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the Urdu version Besides the three lucid prefaces fore-running the text, the flap of the present book bears some genuinely eulogistic remarks from men of literary eminence By Syed Afsar Sajid


uhammad Salim-urRahman is an acclaimed poet, critic, columnist, short story writer, and translator of many a world classic besides being editor of the prestigious Urdu literary magazine ‘Savera’. JahaN Gard Ki Wapasi is the third edition of his Urdu translation of the ancient Greek epic poet Homer’s Odyssey, the first and second having appeared in the years 1963 and 2006 respectively. The Odyssey is one of the two major Greek epic poems of antiquity ascribed to Homer, the other being the Iliad. The date of composition of the epic is estimated to be the end of the 8th century BC – corresponding to Homer’s own dates between 750650 BC, as concluded by Professor Oliver Taplin in the light of modern research on the subject. The advent of the Western canon of literature is traceable to these epics which have had an enormous influence on the history of literature in general.

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The work in view is also divided into 24 books in the tradition of its precursors. Odysseus (Ulysses in Roman myths), the Greek hero, is central to the kaleidoscopic themes (e.g., homecoming, temptation as a psychological peril, disguise, hospitality, identity, and exile) of the poem. His ten-year long but victorious participation in the Trojan War is followed by an equally long but highly adventurous journey home during which he undergoes challenging experiences of different kinds. The text is characterized by a non-linear plot, and ‘the influence on events of choices made by women and serfs’, in addition to the exploits of fighting men. Besides the three lucid prefaces fore-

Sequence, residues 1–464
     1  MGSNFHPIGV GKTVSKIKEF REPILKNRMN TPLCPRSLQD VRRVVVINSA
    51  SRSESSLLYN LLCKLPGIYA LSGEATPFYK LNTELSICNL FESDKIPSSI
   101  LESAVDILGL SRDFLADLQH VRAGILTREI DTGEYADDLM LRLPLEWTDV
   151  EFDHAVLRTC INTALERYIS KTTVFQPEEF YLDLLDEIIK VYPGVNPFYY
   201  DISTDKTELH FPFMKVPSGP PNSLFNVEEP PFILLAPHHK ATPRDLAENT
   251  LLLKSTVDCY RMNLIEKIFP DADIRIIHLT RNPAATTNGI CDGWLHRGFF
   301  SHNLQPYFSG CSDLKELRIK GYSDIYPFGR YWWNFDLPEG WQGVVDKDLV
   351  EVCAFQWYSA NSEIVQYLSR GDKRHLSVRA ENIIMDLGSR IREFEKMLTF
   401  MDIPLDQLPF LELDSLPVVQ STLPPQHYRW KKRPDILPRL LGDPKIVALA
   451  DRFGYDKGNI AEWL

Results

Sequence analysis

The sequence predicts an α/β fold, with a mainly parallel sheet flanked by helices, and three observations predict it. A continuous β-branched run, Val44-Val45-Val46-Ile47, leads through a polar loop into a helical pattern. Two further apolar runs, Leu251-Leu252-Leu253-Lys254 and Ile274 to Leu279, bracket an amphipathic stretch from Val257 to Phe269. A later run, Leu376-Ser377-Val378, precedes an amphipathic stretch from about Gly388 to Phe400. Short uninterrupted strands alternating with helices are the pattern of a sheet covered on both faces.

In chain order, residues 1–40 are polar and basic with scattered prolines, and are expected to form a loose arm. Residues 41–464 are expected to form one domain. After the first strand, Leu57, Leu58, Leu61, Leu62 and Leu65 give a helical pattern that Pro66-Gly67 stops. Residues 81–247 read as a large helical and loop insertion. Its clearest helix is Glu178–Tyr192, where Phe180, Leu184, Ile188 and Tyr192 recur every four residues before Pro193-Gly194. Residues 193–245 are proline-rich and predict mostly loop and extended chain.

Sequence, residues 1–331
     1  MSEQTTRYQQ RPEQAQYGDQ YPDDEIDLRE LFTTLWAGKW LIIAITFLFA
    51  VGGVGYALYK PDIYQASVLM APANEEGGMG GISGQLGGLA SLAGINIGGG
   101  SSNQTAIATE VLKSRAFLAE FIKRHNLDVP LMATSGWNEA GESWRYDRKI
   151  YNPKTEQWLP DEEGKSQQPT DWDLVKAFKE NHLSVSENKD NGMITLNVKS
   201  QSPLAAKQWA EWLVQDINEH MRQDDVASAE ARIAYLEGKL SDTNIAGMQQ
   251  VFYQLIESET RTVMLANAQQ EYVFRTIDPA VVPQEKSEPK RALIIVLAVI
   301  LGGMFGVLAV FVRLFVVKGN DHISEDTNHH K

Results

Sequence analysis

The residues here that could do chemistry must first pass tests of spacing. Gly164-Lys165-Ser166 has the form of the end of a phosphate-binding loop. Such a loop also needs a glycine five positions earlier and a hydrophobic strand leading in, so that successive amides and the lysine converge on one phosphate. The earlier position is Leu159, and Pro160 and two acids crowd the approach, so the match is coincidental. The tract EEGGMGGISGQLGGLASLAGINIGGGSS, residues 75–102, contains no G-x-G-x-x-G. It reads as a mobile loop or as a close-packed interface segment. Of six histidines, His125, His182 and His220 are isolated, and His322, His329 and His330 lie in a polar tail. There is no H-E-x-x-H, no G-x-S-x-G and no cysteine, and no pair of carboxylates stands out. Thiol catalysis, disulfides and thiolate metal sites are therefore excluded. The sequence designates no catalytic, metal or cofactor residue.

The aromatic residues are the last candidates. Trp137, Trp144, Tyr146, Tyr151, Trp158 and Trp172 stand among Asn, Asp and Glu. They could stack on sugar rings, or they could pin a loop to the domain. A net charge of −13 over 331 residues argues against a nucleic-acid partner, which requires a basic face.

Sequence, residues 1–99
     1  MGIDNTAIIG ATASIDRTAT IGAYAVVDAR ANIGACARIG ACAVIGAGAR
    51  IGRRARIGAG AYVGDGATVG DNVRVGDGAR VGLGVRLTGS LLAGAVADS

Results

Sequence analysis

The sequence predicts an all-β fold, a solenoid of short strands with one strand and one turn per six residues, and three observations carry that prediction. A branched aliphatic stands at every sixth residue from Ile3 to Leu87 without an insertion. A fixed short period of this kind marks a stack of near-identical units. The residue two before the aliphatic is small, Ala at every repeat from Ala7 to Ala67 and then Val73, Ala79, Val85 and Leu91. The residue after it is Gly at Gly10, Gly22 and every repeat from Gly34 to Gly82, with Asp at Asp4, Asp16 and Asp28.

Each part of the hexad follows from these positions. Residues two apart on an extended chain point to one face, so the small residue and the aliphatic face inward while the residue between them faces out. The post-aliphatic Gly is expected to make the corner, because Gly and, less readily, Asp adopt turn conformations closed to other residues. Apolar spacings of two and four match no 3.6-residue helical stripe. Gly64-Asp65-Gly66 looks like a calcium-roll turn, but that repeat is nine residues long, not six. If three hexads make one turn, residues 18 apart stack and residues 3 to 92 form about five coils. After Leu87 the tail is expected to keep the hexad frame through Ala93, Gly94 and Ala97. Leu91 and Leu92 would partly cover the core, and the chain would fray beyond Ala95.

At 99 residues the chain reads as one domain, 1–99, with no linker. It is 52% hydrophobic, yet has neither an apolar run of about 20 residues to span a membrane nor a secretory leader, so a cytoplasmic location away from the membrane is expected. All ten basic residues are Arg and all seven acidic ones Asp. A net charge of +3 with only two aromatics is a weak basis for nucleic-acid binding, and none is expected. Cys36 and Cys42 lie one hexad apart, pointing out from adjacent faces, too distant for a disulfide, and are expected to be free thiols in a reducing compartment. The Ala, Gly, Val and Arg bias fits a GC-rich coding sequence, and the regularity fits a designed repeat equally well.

Rapidity or ease of movement, plainness of expression, plainness of thought, and a noble and powerful style are stated to distinguish Homer from other epic poets like Virgil, Dante, and Milton. The eminent translator in the instant case does seem to have been deeply ‘penetrated’ by a sense of all of the four aforementioned qualities